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For much too long, I relied on being strong to protect me from feeling unsafe.
But it is softness, which heals the self-contempt from my childhood trauma.
This type of softness does not apologize for its kindness or feel bullied by defeat. It does not easily retreat from confusion nor give up its ground by staring at its feet.
The softness that heals is the humble authority of an ocean—positioning itself beneath the rivers and streams, giving distant waters a grander surrounding to call home.
This type of tenderness with ourselves is the breathlessness of a warm exhale, opening up to the cool, refreshing breeze of winter air. It is the surrendered glory of a fatigued runner, bent over at the finish line, experiencing exhilarated peace even if they did not make their best time.
The softness that heals is a victory against the borrowed meanness that we used against ourselves—making friends with the enemy inside who was a reluctant prisoner of self-hate.
It is taking a rule of thumb from Genghis Khan and treating our inner critic better than their rhetoric of slander. This type of gentleness is the discretion of a wise mother, who knows that every bashful part within is a devoted child seeking to gain a caring leader’s confidence.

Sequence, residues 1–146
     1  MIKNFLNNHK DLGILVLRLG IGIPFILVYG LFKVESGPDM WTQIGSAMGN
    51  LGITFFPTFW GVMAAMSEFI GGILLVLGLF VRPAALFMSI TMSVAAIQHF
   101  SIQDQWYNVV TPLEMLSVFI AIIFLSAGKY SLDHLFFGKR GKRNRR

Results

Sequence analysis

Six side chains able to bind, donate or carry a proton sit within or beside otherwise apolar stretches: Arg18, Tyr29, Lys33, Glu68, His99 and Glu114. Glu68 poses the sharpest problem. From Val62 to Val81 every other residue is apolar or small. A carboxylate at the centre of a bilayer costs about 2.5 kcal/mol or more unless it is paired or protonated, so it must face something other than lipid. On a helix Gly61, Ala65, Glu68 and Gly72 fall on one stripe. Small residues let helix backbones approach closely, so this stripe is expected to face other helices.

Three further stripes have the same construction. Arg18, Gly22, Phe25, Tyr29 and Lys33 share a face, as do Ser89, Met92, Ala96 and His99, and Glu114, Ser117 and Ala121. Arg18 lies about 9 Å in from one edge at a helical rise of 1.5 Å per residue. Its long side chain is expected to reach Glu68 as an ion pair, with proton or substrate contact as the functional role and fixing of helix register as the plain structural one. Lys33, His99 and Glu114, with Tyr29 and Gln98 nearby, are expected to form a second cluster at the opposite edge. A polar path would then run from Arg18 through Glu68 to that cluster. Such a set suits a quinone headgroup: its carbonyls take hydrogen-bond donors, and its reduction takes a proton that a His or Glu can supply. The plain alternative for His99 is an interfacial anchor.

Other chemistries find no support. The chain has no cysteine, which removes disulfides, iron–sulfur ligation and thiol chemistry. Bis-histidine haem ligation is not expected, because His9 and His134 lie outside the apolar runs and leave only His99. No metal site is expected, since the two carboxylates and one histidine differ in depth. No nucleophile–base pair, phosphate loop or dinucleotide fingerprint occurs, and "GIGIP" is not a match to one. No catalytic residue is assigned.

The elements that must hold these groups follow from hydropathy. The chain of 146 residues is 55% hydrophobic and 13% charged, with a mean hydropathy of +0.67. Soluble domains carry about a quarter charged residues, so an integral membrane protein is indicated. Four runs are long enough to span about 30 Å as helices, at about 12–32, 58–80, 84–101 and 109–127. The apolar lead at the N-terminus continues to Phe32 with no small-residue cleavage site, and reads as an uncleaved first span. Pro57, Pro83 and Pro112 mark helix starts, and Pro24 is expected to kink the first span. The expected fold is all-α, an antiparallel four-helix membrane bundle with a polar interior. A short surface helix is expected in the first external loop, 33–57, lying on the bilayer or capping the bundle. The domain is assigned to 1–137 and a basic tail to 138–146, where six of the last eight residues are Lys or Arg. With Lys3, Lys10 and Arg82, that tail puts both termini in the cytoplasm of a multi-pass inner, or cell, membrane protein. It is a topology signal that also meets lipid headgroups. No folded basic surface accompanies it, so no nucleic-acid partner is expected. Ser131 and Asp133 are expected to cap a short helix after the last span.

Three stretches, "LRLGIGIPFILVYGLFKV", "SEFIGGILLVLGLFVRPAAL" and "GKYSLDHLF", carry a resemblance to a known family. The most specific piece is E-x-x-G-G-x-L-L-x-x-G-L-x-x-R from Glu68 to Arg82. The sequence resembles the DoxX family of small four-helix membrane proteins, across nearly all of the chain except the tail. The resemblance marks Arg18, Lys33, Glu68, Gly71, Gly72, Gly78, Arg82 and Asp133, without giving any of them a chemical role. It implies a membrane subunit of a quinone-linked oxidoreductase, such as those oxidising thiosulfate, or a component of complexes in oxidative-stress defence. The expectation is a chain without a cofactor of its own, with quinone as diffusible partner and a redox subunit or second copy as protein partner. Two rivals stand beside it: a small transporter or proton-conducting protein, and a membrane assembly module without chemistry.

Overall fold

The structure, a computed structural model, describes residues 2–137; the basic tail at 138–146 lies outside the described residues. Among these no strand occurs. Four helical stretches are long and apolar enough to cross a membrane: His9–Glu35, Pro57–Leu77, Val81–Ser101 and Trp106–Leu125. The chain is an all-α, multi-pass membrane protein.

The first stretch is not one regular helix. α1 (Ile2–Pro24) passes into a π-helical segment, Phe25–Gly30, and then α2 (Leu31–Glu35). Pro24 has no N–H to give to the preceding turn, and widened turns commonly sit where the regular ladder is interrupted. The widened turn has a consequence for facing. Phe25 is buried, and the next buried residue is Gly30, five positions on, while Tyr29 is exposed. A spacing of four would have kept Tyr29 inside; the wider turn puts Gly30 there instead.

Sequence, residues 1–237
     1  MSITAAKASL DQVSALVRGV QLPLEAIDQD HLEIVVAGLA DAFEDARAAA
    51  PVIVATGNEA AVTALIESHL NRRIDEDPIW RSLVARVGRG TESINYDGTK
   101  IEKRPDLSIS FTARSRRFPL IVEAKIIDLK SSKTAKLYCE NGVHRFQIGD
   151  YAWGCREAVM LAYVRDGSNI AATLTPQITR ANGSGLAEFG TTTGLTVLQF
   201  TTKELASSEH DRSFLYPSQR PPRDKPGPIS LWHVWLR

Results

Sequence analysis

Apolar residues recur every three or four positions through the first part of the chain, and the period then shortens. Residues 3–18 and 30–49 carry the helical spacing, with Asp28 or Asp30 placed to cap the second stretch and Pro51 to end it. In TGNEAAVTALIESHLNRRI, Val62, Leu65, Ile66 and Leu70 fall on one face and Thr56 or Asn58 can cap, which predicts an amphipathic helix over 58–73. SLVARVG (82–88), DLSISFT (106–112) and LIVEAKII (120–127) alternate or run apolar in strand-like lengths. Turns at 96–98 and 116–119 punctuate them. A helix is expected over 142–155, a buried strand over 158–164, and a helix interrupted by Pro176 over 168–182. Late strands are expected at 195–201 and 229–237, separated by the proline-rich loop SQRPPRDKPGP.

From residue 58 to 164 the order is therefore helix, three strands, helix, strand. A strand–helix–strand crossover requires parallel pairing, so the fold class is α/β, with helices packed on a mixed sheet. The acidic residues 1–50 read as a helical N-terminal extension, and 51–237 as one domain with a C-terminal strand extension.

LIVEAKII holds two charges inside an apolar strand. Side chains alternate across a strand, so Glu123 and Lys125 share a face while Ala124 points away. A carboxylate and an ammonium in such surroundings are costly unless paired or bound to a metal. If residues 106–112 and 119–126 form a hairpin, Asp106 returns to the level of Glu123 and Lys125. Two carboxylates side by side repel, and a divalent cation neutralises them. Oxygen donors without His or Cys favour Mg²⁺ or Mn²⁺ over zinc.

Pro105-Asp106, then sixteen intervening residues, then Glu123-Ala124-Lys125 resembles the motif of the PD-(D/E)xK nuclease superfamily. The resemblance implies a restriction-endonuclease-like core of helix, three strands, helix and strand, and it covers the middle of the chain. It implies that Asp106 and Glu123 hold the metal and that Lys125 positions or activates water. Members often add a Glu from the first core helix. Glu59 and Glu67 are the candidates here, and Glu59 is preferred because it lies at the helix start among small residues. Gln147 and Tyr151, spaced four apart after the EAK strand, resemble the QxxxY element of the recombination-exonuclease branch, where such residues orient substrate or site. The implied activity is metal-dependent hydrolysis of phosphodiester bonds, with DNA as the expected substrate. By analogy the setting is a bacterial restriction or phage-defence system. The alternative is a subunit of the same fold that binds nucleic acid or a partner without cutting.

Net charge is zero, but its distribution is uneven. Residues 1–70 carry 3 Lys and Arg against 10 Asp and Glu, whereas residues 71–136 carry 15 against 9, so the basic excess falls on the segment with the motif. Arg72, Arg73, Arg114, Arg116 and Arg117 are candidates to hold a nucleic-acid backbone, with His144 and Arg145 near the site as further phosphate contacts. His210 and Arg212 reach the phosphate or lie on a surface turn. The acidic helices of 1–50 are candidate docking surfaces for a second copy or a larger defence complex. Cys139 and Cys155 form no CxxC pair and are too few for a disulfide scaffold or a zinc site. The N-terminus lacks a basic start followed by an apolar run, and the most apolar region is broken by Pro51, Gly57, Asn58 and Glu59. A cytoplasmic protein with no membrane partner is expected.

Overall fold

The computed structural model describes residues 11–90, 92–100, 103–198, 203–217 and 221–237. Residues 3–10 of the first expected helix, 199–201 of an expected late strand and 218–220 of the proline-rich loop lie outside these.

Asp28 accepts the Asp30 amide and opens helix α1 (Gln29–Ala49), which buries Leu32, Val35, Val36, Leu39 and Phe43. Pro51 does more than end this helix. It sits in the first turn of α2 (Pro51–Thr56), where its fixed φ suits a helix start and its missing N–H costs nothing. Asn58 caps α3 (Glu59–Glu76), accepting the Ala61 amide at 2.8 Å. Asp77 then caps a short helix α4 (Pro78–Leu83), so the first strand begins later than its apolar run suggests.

Being softer with myself has taught me that I can lessen my inner children’s discontent by giving them a more encouraging set of orders. And this change of tone ends the internal fractures—it stops the unattended parts from running amok and causing emotional cancers.
The softness that heals is not giving in to the preferential treatment of our socially esteemed characteristics—creating an internal sense of equity that enlists the cooperation of our inner misfits.
The softness that heals is a just form of personal humanity, where no one part of us is made to feel better than the other. A spiritual democracy that emancipates us to live fully embodied.